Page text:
7

Is there a reason to have 2 or more witnesses at the same time during the current impeachment hearings ?

For example, in today's morning session (November 19 2019) There are 2 witnesses, Lieutenant Colonel Vindman and Jennifer Williams.

Tomorrow, there will be a session with only Gordon Sondland.

Is there a link between the 2 witnesses that warrant having them together instead of having 2 individual sessions ?

  • Comments deleted. Please don't use comments to answer the question. If you would like to answer, please post a real answer. For more information on how comments should and should not be used, please review the article on the commenting privilege in the help center. – Philipp Nov 22 at 21:03
14

Logic and logistics. Considering Williams and Vindman saw and heard the (essentially) same thing, they're there to corroborate each others' stories and simply lend weight to the accusation. Having one of them in the hearing then the other would naturally create a time lag such that fewer questions could be asked today. As the Republicans have repeatedly asked Adam Schiff to hold the proceedings publicly and to get them over with well before the 2020 elections such that the Republican loss of reputation would have time to go away, holding two half-sessions on two different days would be counterproductive. Sondland, on the other hand, has information that no one else (who's willing to testify) has. Congress will want as much time with him as is possible.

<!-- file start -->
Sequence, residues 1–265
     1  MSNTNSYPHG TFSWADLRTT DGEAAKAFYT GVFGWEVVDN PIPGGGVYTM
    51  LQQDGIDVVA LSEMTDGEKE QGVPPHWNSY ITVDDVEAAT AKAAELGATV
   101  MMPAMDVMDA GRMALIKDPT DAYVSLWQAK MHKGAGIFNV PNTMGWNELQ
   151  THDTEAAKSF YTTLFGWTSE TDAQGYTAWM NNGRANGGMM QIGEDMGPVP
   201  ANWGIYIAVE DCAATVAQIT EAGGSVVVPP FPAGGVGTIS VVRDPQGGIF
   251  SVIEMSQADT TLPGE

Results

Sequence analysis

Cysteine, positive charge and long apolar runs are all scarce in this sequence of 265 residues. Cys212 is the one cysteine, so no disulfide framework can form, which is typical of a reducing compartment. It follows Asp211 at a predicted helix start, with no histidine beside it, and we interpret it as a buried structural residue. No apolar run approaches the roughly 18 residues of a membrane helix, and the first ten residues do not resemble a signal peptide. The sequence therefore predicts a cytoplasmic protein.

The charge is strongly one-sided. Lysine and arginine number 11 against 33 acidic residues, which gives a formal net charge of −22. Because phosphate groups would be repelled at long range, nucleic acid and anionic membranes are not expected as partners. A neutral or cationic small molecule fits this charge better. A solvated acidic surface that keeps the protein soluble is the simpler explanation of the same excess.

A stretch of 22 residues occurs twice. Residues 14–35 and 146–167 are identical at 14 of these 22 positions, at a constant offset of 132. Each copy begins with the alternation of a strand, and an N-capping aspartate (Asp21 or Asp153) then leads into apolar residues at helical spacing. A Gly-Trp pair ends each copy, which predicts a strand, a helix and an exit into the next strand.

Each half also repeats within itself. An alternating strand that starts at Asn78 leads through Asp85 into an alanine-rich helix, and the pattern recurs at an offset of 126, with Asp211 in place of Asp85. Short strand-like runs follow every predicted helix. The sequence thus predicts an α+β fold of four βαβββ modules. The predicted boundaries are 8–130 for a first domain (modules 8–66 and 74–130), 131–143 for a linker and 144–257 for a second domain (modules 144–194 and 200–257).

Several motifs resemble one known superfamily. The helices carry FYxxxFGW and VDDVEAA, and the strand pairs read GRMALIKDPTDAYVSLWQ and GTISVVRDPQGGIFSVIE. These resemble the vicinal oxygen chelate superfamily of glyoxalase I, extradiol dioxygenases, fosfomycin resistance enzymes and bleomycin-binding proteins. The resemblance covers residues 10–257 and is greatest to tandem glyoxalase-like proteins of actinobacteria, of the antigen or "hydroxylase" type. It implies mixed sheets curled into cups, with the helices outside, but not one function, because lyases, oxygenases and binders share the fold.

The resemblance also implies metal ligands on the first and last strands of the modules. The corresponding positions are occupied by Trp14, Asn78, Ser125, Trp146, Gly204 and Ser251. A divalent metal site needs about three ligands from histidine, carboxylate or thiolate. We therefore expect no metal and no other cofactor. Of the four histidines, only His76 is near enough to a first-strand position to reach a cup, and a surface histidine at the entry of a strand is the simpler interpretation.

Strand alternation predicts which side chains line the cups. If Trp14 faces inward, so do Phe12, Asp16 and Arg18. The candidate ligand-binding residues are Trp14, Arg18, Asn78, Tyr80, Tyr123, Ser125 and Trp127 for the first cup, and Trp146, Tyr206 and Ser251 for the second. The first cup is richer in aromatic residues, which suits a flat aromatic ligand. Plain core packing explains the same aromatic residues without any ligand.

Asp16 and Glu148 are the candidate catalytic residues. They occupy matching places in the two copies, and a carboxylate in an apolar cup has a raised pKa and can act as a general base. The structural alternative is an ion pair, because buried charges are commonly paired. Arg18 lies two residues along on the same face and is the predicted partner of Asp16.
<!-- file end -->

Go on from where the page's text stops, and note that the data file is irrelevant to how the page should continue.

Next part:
• Why do you say it would be counterproductive, when Democrats control the committee and presumably have no electoral interest in ending the proceedings quickly? – Azor Ahai Nov 20 at 1:41
  • 2
    @AzorAhai If the goal is to create a political circus that hurts Republicans in the election, that might be sound—though also risky as hell, and likely to backfire as people figure out that’s what it is—but if the goal is to be serious about this, then giving Republicans the excuse of “the election’s around the corner, let the voters decide” isn’t going to work. Mind you, that excuse is already being used, so it may not matter, but if there is any chance of convincing the country it’s best to limit how applicable that is. Also best to limit the impression of partisanship driving things. – KRyan Nov 20 at 2:14
  • @AzorAhai I'm curious why you believe this. The Democrats took a huge electoral risk in starting the impeachment proceedings in the first place. Nancy Pelosi had to be pulled kicking and screaming into it precisely because impeaching a sitting president is consistently a losing proposition with voters due to the risk of partisanship. Why would they make it a 'circus' and thus cement that impression? – Carduus Nov 20 at 13:56
3

Yes it's because the two witnesses are questioned "in tandem", i.e. often the same question is asked of both of them in quick succession, see for example when they are asked about Burisma being mentioned by name.

It's actually not the first time this was done in these hearings. Taylor and Kent were questioned in a somewhat similar manner.

Also Volker and Morrison were both asked about a conversation they had (sorry, no link, I've seen it on the live feed).

You must log in to answer this question.

Not the answer you're looking for? Browse other questions tagged .